By Hu Berry
As they lance the sky with crimson wings, flamingos follow ancient routes across Africa. Migration in tune with the rains is cardinal for their existence, but if breeding sites become unsuitable, their flight for survival will become futile.
Africa is dehydrating. The second-largest of the earth’s continents straddles both hemispheres, covering an immense area of 30 million square kilometres. However, 60% of it is classified as desert and semi-desert, and this is increasing as human activities desiccate the surface and drain the subterranean aquifers. Africa is home to two to three million flamingos, which survive on soda lakes, saline pans and salt-water lagoons. It is also home to 800 million humans and their domestic livestock.
The lifespan of humans and flamingos is remarkably similar, both living considerably longer than most wildlife species, but there the similarity ends. Flamingos are highly specialised, filter feeders, with genes originating 50 million years ago and their evolution rooted in the times when reptiles developed feathers instead of scales and Archaeopteryx rose phoenix-like from the morasses of the Triassic era. Humans made a relatively recent appearance on earth – some religions purporting they are as contemporary as 8 000 years, while science dates us as a distinct species that started evolving 600 000 years ago. Whatever our time of origin, we have developed into the most opportunistic species on earth. We are generalist-specialists, enlisting a daunting array of technology to ensure our survival.
Are humans a major threat to the future of flamingos in Africa? Our apparent, albeit unintentional, ability to change even the earth’s climate has placed not only flamingos, but also any other species, at risk. Barren wildernesses and desert wastes surround the natural world of flamingos. Whatever climate change may bring, be it conditions that are hotter or colder, wetter or drier, a shift in weather patterns bodes ill for these upside-down beaked feeders of micro-organisms.
As specialists they depend on specific water depths for successful breeding. Higher rainfall will result in raised surface-water levels, flooding traditional nesting areas. Decreased rainfall will expose naturally inaccessible breeding sites to access by predators. Moreover, there is an ominous, immediate threat to the largest concentration of flamingos on earth. East Africa’s soda lakes host about two million Lesser Flamingos and tens of thousands Greater Flamingos. One of these sanctuaries, Lake Natron, is threatened by the proposed development of a soda-ash factory and a coal-fired electrical power station. Any factories close to the shore will cause undue disturbance, and increase the number of failed breeding attempts, while a grid of pipelines will disrupt the movement of unfledged chicks fatally. Moreover, the data available suggest a decline in the East African population since the late 1960s from four million to not more than two and a half million.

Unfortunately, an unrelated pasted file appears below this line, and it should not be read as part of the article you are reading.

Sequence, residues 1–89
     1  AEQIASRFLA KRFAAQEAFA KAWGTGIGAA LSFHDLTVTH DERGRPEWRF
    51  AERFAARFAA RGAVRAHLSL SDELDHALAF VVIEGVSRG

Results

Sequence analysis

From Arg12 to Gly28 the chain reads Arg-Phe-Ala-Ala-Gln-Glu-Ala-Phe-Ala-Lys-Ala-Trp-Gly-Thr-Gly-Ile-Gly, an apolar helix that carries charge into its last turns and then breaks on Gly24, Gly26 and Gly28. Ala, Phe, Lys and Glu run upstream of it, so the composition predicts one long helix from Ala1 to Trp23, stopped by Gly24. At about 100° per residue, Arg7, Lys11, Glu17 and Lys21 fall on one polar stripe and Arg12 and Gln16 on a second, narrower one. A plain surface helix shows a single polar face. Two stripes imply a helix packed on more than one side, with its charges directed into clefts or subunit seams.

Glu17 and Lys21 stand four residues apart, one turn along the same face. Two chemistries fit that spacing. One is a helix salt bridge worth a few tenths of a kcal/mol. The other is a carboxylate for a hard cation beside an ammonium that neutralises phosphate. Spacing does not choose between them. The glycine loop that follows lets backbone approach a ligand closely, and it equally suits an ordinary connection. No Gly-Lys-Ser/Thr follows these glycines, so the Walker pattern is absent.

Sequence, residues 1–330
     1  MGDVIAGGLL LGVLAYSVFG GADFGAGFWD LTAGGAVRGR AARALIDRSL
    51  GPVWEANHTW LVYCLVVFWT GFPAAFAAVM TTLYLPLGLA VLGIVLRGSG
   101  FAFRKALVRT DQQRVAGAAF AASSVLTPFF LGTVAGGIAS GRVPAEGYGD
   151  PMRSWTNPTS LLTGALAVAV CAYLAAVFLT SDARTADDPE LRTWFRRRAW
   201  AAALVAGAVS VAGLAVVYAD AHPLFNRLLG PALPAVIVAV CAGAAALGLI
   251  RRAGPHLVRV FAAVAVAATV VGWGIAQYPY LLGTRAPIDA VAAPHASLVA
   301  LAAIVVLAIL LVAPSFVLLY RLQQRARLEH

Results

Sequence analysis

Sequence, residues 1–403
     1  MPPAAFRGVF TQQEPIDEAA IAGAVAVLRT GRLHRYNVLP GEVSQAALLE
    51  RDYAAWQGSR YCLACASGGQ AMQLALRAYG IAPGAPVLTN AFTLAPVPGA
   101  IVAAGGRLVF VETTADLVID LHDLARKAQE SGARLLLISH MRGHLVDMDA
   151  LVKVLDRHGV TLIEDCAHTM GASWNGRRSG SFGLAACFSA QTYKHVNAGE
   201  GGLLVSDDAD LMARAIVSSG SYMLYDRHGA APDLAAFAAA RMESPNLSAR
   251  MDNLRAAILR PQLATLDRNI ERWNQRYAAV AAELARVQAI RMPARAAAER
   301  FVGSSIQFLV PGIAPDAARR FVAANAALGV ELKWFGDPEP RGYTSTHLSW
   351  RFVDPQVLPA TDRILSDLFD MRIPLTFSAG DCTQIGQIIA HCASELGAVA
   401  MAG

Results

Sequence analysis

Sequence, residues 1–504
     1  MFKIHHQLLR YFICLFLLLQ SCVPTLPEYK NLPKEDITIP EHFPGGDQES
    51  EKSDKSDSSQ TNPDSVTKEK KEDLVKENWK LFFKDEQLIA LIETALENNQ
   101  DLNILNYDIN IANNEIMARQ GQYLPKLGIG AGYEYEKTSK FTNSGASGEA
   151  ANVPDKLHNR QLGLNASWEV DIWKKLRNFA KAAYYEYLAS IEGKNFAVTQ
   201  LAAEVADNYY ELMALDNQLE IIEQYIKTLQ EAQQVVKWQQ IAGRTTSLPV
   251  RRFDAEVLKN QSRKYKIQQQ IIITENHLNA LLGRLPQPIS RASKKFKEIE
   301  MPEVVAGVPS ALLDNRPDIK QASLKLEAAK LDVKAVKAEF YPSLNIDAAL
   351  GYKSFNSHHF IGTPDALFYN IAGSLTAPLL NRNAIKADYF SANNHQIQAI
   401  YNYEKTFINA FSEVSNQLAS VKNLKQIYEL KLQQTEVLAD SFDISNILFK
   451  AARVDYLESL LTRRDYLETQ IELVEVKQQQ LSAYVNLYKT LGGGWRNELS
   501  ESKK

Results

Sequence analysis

In combination these threats place an increased responsibility on Namibia, which boasts the second-largest African populations of both flamingo species, to ensure secure feeding and breeding habitats for them. Fortunately, we have representatives on the Flamingo Specialist Group, an affiliate of the World Conservation Union, giving us direct and immediate contact with the extensive database of the world’s flamingos. The Group is co-ordinated from the Wetlands and Wildfowl Trust at Slimbridge, United Kingdom. Namibia and other African countries maintain close contact with these experts because the sharing of local knowledge is essential for the future of flamingos.
Footnote. The sources of these estimates are:
Wetlands International, 2006, Waterbird Population Estimates – Fourth Edition, Wetlands International, Wageningen, The Netherlands.
Brown, LH East Africa: 38–48, Flamingos, 1975, (editors J Kear and N Duplaix-Hall), Poyser, Berkhamsted, England.
Hu Berry was a scientist, conservationist and specialist tour guide. He was one of Venture Publications' most valued authors. Sadly he passed away in July 2011. To read more about him click here.
This article appeared in the 2008/9 edition of Conservation and the Environment in Namibia.